posted by Alicia Caramenico
on December 4, 2015
Today USA Today and Cigna hosted a forum on creating healthier communities, and one common theme rang true: We need health care, not sick care. Just take this statistic from Cigna: Although chronic diseases are preventable, four correctable health conditions (higher weight, cholesterol, blood pressure, and blood sugar) account for 50 percent of health care costs.
Cigna’s CEO David Cordani called upon three tools needed to improve health care, quality of life, affordability, and sustainability: Actively engaging individuals in managing their health, rewarding health care professionals for the value they drive, and using actionable information to identify and close gaps in care and deliver higher-quality services.
Illustrating how all three elements can work together to move the system from sick care to health care, Cordani explained how data shows expectant moms who are actively engaged with their doctor during pregnancy have a 50 percent higher chance of going full term, increasing the probability of a healthier baby.
The USA Today and Cigna forum also focused on the power of the community to improve public health. In fact, most of what makes a person healthy doesn’t occur in the doctor’s office, said American Public Health Association Executive Director Georges Benjamin, but rather in his or her community. “Public health is all hands on deck, all communities, all agencies,” added Richard Hamburg, deputy director of the Trust for America’s Health.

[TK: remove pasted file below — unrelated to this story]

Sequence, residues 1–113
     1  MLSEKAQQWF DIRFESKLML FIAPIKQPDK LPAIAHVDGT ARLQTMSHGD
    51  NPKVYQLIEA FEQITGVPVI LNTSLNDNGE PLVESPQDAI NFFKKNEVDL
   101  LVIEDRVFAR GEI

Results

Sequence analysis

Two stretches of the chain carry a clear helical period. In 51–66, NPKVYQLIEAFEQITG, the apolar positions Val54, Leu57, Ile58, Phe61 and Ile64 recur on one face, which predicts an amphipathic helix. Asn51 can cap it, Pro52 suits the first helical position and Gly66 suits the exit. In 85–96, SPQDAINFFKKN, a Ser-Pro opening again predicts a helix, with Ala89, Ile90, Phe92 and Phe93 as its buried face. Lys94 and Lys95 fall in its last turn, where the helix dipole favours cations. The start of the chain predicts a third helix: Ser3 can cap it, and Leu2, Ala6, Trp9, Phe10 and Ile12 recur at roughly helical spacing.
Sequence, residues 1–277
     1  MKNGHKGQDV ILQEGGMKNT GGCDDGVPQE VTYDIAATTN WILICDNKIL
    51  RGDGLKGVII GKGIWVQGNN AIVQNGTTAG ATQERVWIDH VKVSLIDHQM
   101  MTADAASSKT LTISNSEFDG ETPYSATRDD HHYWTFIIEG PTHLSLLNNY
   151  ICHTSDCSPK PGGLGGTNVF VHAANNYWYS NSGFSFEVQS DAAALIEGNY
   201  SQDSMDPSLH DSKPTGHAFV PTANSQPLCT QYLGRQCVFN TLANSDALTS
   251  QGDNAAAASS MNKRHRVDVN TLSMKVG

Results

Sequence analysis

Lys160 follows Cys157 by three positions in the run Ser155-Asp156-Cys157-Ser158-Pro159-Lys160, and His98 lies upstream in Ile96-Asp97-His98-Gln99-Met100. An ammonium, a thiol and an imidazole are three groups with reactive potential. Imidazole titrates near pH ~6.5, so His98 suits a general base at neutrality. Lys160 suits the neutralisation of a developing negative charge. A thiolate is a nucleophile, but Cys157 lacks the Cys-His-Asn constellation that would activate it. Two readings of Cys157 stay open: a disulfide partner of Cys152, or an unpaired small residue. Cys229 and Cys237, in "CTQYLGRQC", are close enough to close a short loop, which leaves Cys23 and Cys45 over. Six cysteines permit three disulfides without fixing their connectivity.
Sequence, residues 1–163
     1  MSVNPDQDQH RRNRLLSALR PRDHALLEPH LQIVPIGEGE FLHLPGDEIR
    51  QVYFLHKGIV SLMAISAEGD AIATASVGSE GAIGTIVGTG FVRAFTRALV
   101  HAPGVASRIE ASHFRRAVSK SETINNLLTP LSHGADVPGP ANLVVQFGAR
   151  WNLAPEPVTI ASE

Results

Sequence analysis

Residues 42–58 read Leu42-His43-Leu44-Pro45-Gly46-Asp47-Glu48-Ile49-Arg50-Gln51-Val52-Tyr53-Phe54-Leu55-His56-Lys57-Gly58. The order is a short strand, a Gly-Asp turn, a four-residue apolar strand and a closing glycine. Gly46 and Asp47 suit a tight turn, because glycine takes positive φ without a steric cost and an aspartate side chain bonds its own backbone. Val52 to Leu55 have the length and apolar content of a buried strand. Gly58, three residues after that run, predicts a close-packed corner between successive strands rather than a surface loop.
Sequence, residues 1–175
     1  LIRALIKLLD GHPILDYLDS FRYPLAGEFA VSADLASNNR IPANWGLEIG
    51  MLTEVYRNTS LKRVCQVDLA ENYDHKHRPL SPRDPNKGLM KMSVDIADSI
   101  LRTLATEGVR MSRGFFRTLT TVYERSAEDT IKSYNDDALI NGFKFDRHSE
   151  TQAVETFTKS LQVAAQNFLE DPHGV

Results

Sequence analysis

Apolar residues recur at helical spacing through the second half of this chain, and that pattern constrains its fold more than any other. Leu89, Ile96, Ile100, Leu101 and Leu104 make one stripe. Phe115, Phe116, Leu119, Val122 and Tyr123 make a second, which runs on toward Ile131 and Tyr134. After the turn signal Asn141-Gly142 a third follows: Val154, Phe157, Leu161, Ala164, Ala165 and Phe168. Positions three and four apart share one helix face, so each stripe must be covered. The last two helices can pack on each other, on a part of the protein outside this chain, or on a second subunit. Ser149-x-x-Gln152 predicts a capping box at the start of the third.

They highlighted how important it is to pay attention to the impact of social determinants on population health. “Your zip code is more of a factor of your health than genetics,” said Dr. Karen DeSalvo, the Acting Assistant Secretary for Health in the U.S. Department of Health and Human Services.
Social factors like housing instability, violence, income inequality, food insecurity, and chronic absenteeism from school are all important contributors to population health, the panelists noted. For instance, there’s a 10-year difference in life expectancy for those living just 20 miles away from where AHPA’s Benjamin lives. And homelessness takes 25 years off a person’s life, according to Rosanne Haggerty, CEO of Community Solutions.
So what can health care stakeholders do to build healthier communities and improve the health of the patients they serve? According to the forum participants, they need to use data in new ways and work together across sectors. “Data and teamwork are glue for healthier neighborhoods,” Haggerty said.